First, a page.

5. 5. The Communiqué Spring 2010 Page 5 by all of them. As indicated, the overall volume of breast alterations was down slightly with the notable exception of the increase in breast augmentations with prosthetic implants. This information was not filtered for diagnosis or patients with breast cancer. Contrary to popular belief and many an anesthesiologist’s perception, surgical volumes have remained relatively strong over the past two years. These 20 practices experienced a consistent rate of growth in total case volume of almost 4.5 %. See Table 2. Billable units increased by a somewhat smaller percentage due to a slight decrease in the acuity of care, as measured in average units per case. The biggest increase was a 10% increase in billable units but five of the practices experienced more than a 5% growth in unit production. Five lost volume but the declines were nominal (1%). Two theories may explain this stronger than expected growth in anesthetic activity. It is reasonable to assume that there is only so much surgery than can be postponed or avoided. Ultimately, it is not the economy that determines the need for surgery but the patient’s anatomy. ASA and CPT code- level trend analysis reveal relatively few significant patterns or trends with the notable exception of endoscopies, which for many practices were the one bright spot on the horizon. Endoscopy has been the hot topic of anesthesia practice management for the past few years. The details of the discussion, the fascinating politics of anesthesia coverage for endoscopy and the long term potential will be the subject of an article in a future issue of the Communiqué. Suffice it to say that any review of performance for the past two years must identify and exclude the endoscopy numbers, because they tend to skew the picture. As indicated in Table 3, only a few of the sample practices actually saw a drop in endoscopic anesthesia business from 2008 to 2009. Since endoscopy tends to be a diagnostic service targeting Americans in their 50s and 60s who are still working and healthy, the growth in this line of business may be masking another subtle but distinct trend in the data: a change in acuity of patients presenting for anesthesia. A classification of the overall case data by ASA physical status reveals a subtle but distinct shift in average patient physical status. As the chart in Figure 1 indicates, more than half of all patients who present for surgery and obstetric services are quite healthy. What is not quite so clear is the subtle increase in ASA physical status III, IV and V patients. ASA IV and V patient populations increased from 25,126 to 27,017, an increase of 7.5%. Given the aging of the American population this is not an unexpected development, but clearly one that could have significant implications over time. Providing the care and getting paid for it can be two entirely different matters. Despite the political focus on the number of uninsured Americans, the number of patients without insurance who presented for surgery does not appear to have changed materially. What the data and our analysis does show are three distinct phenomena at work. The numbers of patients covered by public plans (Medicare, Medicaid, Tricare and Workers’ Compensation) continue to inch up due to an aging American population. This growth is eroding the Continued on page 6 TABLE 2 Summary of Sample Data TABLE 3 Endoscopy as % of Total Cases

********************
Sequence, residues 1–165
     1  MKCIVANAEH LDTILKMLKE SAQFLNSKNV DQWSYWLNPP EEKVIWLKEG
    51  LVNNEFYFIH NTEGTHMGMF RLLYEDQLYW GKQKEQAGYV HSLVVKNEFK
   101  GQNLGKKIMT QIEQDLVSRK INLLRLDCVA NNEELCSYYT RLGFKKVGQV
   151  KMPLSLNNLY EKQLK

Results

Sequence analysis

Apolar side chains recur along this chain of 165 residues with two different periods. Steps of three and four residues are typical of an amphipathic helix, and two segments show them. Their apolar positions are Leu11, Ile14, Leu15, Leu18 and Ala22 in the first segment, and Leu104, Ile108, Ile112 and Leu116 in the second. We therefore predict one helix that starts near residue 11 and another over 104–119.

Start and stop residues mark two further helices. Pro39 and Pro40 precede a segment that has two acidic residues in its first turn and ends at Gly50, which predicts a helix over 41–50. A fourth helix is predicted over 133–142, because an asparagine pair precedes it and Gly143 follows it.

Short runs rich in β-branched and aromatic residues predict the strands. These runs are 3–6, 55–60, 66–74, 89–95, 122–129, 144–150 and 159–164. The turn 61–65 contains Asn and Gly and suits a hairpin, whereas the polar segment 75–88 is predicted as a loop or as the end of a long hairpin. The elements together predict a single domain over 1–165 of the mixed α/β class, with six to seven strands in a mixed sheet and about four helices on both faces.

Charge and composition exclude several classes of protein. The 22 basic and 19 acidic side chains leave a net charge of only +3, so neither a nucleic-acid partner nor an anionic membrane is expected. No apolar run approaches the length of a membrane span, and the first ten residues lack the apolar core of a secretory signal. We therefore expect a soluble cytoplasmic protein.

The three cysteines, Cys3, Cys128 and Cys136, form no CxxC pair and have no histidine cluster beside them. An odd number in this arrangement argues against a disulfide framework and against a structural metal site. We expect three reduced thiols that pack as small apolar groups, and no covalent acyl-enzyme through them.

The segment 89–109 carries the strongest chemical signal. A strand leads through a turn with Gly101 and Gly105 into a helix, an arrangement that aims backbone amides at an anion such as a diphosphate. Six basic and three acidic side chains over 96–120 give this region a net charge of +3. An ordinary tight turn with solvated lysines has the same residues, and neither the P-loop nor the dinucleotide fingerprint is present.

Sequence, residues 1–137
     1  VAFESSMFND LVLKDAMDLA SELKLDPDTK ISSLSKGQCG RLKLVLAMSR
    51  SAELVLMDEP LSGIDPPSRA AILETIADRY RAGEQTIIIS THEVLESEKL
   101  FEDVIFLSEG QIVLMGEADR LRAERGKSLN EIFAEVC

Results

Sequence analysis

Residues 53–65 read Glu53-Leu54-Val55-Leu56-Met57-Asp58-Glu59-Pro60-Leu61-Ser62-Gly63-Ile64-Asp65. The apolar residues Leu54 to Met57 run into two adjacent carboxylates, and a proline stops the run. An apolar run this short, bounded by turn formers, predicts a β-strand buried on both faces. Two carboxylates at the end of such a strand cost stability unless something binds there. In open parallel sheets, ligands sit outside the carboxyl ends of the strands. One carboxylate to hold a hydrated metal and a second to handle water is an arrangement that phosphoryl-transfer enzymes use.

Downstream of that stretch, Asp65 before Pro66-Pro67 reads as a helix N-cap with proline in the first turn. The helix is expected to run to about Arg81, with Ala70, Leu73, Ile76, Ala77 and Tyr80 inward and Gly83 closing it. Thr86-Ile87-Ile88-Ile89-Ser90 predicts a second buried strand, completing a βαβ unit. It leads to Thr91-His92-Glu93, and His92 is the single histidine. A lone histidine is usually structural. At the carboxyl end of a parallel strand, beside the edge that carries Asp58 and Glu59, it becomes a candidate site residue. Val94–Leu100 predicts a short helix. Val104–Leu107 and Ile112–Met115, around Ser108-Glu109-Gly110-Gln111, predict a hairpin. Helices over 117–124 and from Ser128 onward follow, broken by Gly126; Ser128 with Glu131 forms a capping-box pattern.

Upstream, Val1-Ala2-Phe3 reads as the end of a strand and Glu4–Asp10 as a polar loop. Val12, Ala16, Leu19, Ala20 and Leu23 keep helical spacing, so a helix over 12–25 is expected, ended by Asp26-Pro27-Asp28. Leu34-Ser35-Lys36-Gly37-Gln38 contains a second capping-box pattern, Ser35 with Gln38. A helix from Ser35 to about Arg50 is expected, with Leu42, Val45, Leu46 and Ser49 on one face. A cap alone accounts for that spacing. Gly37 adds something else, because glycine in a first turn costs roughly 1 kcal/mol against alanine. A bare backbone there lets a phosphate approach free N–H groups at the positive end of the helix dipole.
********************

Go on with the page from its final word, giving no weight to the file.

6. 6. The Communiqué Spring 2010 Page 6 Assessing the Impact of the Recession on Anesthesia managed care population ever so slightly. Of note, however, is that a number of these practices had historically opted out of participation with major payors in their respective areas, but in 2009, a number of them felt strong pressure to opt in. In every case such a change had a negative impact on practice revenues in the short term. This high level summary payor mix information is based on total ASA units billed for each of the calendar years, 2008 and 2009. See Figure 2. A corresponding graph of actual payments posted would reveal that almost 72% of practice revenues come from PPO and HMO plans with which the practices participate (versus about 19% from public payors). As has been the case for the past few decades, getting paid for anesthesia continues to be a matter of getting paid by the patient’s insurance. The single most notable finding of our analysis is that the percentage of total practice revenue that was received from patients has dropped 8.16% from 2008 to 2009, as shown in Table 4. This is not a surprising finding, but rather a new challenge that anesthesia practices must come to terms with. As expected, if companies shift more of the burden for the cost of health care to patients, then practices will have to develop new methods and strategies to get patients to pay what they owe. But this has always been a challenge and the current state of the economy only exacerbates a long- term problem. Such insights only underscore the importance of negotiating aggressively with payors. As indicated, the majority of a practice’s “fee for service” revenue is received from patients’ insurance. What might seem ironic is that at the same time companies are pushing back on employees and asking them to pay a larger share of the cost of health care, insurance companies have not resisted renegotiating favorable contract renewals. Aggressive practices have been very focused on their contracting strategies to maintain their cash flow. So far the strategy seems to be paying off. It is not uncommon for commercial payors to exceed renewal rate increases of 3 or more percent. Given the fact that 20% of a practice’s payors typically accounts for about 80% of a practice’s revenue, a few good contracts can make or break a practice. The rewards of effective payor negotiations are not only material, they may be essential in light of the other downward pressures on practice income. Payor mix has always been a significant barometer of financial strength for a medical practice. What the payor mix tells us is how many of the practice’s patients are “locked in” Continued from page 5 FIGURE 1 Distribution of Sample Patient Population by ASA Physical Status FIGURE 2 Payor Mix